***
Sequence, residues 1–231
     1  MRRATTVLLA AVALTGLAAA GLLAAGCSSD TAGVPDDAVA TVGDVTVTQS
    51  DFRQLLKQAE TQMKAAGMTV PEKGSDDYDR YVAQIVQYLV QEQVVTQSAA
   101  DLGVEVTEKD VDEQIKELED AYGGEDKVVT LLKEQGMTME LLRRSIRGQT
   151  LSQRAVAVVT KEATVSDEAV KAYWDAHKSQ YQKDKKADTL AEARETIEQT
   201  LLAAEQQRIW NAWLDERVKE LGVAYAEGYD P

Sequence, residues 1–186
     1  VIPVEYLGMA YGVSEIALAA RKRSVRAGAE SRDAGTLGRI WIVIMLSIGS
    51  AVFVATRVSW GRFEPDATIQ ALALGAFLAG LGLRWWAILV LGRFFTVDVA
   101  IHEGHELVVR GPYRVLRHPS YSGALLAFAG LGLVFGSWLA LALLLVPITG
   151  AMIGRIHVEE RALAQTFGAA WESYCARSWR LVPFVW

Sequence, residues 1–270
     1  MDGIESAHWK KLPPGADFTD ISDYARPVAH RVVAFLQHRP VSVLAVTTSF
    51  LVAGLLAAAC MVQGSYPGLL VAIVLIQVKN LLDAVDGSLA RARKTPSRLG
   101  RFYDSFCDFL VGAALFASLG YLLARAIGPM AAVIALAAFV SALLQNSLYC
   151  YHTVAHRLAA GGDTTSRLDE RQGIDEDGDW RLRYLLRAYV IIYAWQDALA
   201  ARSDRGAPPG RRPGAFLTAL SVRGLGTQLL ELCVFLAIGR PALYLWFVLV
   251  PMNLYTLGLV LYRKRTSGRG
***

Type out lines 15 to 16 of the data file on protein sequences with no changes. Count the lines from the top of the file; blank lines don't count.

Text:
   101  RFYDSFCDFL VGAALFASLG YLLARAIGPM AAVIALAAFV SALLQNSLYC
   151  YHTVAHRLAA GGDTTSRLDE RQGIDEDGDW RLRYLLRAYV IIYAWQDALA